Aerotropolis: The airport – and community – of the future

I just finished reading a magazine article that left me both surprised and thrilled. Published in Fast Company magazine, this article explains how cities around the world – especially in China, India, Thailand, Hong Kong and South Korea – are not only building massive new airports, but they are surrounding the airports with commercial and industrial sectors and massive amounts of residential properties. And, those residential units are in the form of multistory apartment buildings.

Known as an Aerotropolis, the idea is that airports and aviation are what the rivers and railroads were years and years ago. In the beginning, cities developed where navigable rivers occurred or at points where those rivers and trains came together.

The communities developed with homes and businesses. They grew and prospered because they were able to move their goods and products, as well as travel to distant points, relatively easily. This also meant they could communicate with others down the river or at the other end of the train tracks.

Now, aviation has taken over from the rivers and trains as a major mover of products, goods and people. As a result, more and more businesses and industries have decided they need to be close to facilities where they can receive the raw products for their manufacturing entities and move the finished goods to market. This facility today is known as a major airport.

Hong Kong International Airport has residential towers that house thousands of people who live and work in the area. The high-rise structures are just minutes from the runways of the airport.

Near Bangkok, Thailand, a mega-airport is being completed that ultimately is expected to see 100 million passengers a year pass through its glass hallways. Experts predict that within 30 years there will be a city of more than 3 million people in the immediate airport vicinity.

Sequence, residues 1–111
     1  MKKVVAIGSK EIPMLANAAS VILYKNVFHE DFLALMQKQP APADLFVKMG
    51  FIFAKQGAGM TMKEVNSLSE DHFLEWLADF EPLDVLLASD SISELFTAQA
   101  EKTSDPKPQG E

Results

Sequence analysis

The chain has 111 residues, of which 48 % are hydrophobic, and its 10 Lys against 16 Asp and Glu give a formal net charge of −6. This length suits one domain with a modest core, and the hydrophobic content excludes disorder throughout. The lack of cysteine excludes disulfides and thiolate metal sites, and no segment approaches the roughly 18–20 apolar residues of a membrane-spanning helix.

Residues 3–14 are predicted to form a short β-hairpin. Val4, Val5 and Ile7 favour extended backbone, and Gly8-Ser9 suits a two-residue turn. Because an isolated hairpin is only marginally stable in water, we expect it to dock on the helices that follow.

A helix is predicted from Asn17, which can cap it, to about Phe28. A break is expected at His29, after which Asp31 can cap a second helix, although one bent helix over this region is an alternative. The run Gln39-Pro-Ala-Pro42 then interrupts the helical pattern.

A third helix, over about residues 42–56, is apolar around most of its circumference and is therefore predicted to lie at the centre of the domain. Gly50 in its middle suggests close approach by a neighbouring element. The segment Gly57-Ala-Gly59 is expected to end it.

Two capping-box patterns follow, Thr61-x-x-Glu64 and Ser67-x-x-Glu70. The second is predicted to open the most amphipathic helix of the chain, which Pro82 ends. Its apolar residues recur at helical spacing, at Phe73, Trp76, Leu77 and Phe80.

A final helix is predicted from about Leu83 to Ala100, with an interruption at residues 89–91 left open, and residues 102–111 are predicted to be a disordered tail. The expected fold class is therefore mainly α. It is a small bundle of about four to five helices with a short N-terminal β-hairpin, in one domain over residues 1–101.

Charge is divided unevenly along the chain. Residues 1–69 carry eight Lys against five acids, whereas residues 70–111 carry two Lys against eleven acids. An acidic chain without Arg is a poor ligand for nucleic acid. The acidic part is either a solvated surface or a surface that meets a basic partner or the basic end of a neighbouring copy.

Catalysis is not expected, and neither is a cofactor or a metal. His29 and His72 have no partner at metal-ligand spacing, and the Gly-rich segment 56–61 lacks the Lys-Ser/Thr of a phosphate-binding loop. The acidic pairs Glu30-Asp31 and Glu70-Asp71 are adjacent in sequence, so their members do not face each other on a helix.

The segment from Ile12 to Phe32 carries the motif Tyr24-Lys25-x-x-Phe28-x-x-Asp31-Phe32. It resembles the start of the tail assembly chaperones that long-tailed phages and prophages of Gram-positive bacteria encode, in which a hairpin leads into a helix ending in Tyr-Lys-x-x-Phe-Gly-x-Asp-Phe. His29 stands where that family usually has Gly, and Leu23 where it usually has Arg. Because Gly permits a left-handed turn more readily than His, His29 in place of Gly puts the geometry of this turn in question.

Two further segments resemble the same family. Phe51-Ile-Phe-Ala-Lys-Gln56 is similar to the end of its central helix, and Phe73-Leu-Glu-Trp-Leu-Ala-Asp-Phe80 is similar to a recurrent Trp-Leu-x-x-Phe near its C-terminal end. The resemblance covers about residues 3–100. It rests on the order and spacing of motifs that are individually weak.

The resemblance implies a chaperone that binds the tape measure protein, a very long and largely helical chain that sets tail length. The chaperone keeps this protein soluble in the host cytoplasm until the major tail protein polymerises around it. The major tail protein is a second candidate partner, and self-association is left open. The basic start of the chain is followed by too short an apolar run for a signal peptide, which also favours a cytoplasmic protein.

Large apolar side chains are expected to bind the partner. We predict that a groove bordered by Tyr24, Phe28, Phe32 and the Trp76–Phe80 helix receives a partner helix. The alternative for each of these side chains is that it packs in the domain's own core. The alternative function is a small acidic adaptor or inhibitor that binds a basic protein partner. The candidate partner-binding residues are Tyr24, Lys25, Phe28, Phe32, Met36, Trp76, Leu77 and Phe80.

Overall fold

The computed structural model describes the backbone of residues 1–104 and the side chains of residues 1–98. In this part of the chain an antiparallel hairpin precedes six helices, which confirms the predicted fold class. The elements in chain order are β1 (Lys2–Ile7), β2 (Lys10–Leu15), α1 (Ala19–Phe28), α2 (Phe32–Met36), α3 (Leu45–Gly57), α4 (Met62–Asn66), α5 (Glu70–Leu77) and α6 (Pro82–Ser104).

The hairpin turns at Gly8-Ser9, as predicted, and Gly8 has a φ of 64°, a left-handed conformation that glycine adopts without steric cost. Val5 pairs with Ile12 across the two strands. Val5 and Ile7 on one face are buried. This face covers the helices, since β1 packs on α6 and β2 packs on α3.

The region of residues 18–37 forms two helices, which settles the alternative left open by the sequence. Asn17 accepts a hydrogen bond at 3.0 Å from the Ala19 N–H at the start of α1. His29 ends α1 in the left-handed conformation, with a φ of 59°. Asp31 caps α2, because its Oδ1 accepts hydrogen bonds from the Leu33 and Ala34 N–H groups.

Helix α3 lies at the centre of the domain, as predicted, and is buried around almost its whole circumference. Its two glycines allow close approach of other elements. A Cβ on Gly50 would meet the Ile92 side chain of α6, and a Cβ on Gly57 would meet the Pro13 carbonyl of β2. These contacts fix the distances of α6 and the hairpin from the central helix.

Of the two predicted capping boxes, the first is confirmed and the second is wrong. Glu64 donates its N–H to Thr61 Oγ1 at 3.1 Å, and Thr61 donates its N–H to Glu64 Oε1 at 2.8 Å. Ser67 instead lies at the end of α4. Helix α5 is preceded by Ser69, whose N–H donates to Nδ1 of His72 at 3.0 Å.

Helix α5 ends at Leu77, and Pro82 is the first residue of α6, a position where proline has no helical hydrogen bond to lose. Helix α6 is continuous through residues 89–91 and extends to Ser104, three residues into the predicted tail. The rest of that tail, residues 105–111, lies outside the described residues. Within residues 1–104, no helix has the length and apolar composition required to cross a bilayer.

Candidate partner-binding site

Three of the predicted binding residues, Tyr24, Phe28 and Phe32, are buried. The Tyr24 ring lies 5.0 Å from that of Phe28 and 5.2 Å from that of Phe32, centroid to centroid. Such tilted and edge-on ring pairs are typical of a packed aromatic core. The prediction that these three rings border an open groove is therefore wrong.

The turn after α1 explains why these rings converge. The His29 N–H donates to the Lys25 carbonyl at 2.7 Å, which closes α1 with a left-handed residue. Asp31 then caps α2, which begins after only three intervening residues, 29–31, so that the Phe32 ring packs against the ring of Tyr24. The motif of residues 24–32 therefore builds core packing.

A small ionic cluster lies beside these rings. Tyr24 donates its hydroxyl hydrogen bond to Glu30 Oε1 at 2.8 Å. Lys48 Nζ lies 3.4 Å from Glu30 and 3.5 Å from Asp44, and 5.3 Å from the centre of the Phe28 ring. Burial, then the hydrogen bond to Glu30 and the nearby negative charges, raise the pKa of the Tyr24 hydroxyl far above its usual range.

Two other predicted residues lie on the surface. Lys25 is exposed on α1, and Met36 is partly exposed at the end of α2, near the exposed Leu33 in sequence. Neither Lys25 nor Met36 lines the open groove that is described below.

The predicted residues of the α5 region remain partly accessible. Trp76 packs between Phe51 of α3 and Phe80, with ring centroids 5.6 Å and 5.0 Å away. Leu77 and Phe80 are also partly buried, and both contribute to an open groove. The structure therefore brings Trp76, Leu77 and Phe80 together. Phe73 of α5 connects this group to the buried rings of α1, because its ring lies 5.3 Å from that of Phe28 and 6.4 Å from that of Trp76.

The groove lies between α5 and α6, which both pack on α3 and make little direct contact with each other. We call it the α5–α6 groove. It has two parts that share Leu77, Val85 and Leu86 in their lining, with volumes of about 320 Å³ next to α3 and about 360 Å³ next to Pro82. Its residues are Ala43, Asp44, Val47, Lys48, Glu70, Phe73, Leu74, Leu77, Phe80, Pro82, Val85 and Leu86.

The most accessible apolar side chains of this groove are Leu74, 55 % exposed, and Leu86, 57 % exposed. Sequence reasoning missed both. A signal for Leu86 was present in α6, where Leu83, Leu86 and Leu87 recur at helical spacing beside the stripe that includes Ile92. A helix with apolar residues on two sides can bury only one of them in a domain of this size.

John Kasard, a professor at the University of North Carolina’s Business School, is a major factor in the growing Aerotropolis field. His vision of the future calls for locating new airports in the center of an area and building communities around them. The airports shouldn’t be banished to the hinterlands, he maintains in this article in Fast Company, but should be at the center of the communities.

In one corner of the world after another, new, huge airports are under construction with major industrial and residential developments in the neighborhood.

While I haven’t been predicting this type of growth movement, I know the interest in the U.S., Canada and several European countries for residential airparks has been growing dramatically in recent years. I now count more than 500 airparks on our online directory of residential airparks and there are at least a dozen others that are currently under construction. And, those are only the ones of which I am aware.

In the U.S. and Canada it seems there are always objections to airports of all kinds, particularly commercial ones. The residential airparks, while they see their share of opposition, don’t fare as badly as major public aviation facilities.

Perhaps it is time to take a look at the facilities going up around the world and recognize that if we build the airports, surround them with an industrial and business complex that supports a work force and develop the infrastructure that a community needs to support it, maybe we can have several positive things happen. First, we don’t need a lot of major highways because people will be close enough to walk, take a bike or travel by a quick bus or train trip. Without having to commute by cars, we’ll save on gas and possibly even reduce the greenhouse scenario that is reportedly making the world warmer.

Can that be done safely and efficiently and buildings and homes built in a manner so that the residents won’t be griping about noise and fumes? Of course it can! The only thing holding something like that back is the willingness to accomplish such goals. That means politically we have to make changes, too.

Get the jobs close at hand. Bring the commercial airliners and general aviation aircraft onto the same close-in fields. Bring homes close to the business and transportation hubs and we’ve got an entirely new future.

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